Leo Keane, the lead plaintiff in the class action has alleged “SP AusNet owed a duty of care to landowners to operate and manage power lines in a way that limited the risk of damage from bushfires.”

On Thursday Phoenix Taskforce had taken away a section of power line as well as a power pole from near Kilmore East, part of a two-kilometre section of line in Kilmore East that fell during strong winds and record heat about 11am last Saturday. It was believed to have started the fire there, since within minutes a nearby pine forest was ablaze, and within six hours the bushfire had almost obliterated nearly every building in the towns in its path.

“It is believed that the claim will be made on the basis of negligent management of power lines and infrastructure,” Slidders Lawyers partner Daniel Oldham said. The law firm has announced it was helping landowners and leaseholders get compensation for the 2003, 2006, 2007 and 2009 bushfires. “If you have been burnt by the recent bushfires, please register your interest using the form below as soon as possible,” the law firm’s website stated.

The Insurance Council of Australia has placed the cost of the bushfires at about $500 million. “That means keeping electricity lines clear of trees and in a condition that won’t cause fires. They must also have systems in place to identify and prevent risks occurring,” Melbourne barrister Tim Tobin, QC, said. According to the 2006 census, Kinglake had a population of almost 1,500 people.

But SP AusNet’s legal liability has been limited at $100 million under an agreement inked by the former Kennett government with private utility operators, when the former State Electricity Commission was privatized in 1995. Accordingly, the Brumby Government could be legally obliged to pay damages of the differences amounting to hundreds of millions of dollars.

SP AusNet Ltd said some of its electricity assets have been damaged by the Victoria bushfire. “As a preliminary estimate, it is thought that damage has been sustained to approximately one per cent of SP AusNet’s electricity distribution network, mainly distribution poles, associated conductors and pole top transformers,” SP AusNet said in a statement to the Australian Securities Exchange (ASX). It explained that up to 6,000 homes and businesses on its network were without power due to bushfires, including the Kinglake complex fire, Beechworth fire, and fires across Gippsland including Churchill and Bunyip.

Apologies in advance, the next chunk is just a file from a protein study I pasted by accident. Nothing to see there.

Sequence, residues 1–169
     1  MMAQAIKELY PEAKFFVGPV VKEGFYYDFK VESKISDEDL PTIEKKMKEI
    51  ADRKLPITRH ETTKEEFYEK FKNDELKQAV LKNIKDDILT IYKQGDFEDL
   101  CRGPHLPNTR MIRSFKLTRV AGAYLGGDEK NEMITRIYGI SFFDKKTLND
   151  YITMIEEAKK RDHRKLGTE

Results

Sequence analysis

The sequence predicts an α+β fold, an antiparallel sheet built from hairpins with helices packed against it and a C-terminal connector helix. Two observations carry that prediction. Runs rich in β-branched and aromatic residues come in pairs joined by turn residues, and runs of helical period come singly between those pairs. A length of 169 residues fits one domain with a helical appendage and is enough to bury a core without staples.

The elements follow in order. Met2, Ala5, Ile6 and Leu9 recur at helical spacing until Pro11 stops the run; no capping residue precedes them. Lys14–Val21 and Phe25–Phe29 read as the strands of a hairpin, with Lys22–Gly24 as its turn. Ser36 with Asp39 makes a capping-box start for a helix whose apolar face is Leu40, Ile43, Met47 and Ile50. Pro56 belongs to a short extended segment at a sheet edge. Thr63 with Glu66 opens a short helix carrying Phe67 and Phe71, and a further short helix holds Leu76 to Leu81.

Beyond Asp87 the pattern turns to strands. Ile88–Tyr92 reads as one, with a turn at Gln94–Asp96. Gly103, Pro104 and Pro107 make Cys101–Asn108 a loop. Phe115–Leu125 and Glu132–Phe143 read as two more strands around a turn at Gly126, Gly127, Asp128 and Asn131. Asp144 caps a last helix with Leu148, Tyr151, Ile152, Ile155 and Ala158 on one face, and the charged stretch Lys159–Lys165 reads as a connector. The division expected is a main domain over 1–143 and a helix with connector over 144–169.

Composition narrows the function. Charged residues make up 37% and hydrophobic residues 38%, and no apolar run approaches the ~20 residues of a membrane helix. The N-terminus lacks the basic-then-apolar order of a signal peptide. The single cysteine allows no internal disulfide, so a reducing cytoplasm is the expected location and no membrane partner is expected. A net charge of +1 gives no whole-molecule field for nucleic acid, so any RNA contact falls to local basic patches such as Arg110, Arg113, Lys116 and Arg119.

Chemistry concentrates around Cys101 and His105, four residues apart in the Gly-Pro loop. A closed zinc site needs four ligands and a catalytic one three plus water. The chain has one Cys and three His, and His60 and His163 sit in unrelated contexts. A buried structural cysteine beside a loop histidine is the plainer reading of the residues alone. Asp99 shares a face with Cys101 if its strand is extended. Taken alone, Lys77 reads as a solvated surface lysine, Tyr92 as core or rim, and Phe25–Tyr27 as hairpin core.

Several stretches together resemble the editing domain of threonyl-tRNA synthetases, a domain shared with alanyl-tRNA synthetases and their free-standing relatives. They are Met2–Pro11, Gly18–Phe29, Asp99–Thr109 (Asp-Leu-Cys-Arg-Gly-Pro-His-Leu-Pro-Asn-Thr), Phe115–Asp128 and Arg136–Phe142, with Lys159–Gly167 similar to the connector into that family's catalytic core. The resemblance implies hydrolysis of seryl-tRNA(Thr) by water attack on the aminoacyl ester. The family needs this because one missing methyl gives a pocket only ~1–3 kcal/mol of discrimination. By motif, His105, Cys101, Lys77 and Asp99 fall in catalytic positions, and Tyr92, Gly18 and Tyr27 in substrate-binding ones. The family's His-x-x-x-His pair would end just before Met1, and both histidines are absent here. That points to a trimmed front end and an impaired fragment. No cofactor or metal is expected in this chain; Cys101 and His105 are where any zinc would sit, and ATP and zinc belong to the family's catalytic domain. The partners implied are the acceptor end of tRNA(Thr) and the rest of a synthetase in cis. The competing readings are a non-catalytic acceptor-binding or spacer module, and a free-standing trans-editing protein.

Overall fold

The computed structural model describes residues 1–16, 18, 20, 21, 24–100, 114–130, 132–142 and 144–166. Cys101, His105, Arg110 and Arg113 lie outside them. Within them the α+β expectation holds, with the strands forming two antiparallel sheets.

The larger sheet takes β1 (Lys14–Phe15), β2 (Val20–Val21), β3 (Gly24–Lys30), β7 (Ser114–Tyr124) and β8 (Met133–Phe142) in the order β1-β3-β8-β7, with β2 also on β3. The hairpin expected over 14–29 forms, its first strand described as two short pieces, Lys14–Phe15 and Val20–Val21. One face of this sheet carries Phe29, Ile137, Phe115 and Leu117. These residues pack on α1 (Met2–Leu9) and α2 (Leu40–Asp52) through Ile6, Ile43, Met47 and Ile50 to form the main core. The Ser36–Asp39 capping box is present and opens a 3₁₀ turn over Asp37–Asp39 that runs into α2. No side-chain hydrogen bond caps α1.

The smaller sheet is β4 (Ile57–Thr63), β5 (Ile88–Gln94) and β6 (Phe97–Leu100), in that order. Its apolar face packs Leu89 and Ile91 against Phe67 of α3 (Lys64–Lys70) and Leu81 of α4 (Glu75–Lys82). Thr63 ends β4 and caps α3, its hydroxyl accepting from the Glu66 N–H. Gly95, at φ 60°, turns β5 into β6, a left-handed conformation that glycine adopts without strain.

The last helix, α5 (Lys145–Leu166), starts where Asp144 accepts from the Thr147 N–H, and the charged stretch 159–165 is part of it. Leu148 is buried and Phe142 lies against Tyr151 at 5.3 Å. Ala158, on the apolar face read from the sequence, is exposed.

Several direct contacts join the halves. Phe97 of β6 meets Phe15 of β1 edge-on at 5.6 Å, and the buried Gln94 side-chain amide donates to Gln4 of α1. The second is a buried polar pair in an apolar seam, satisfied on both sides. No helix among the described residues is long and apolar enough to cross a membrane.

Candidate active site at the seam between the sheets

SP AusNet said the firm will cooperate fully and will assist in any fire probe. “We stand ready to assist the relevant authorities with their inquiries if it is necessary for us to do so now and in the coming months,” SP Ausnet spokeswoman Louisa Graham said in a statement.

“Our priority is to restore power to fire-affected areas as quickly as possible. We believe the claim is premature and inappropriate … SP AusNet will vigorously defend the claim. If the claim is pursued, SP AusNet advises that it has liability insurance which provides cover for bushfire liability. The company’s bushfire mitigation and vegetation management programmes comply with state regulations and were audited annually by state agencies,” Grahams explained.

Victorian Auditor-General Rob Hulls said “there was an ‘unseemly rush’ by some lawyers to sue before the cause of the fires had been fully investigated.”

“The government body had audited the network’s bushfire risk to make sure required distances between power lines and vegetation were maintained. Power companies had been given a clean bill of health, and electricity firms were judged to be ‘well prepared for the 2008-09 bushfire season.’ There were no regulations applying to the distances between poles supporting electricity lines and spans of one kilometre were not unusual,” a spokesman for Energy Safe Victoria explained.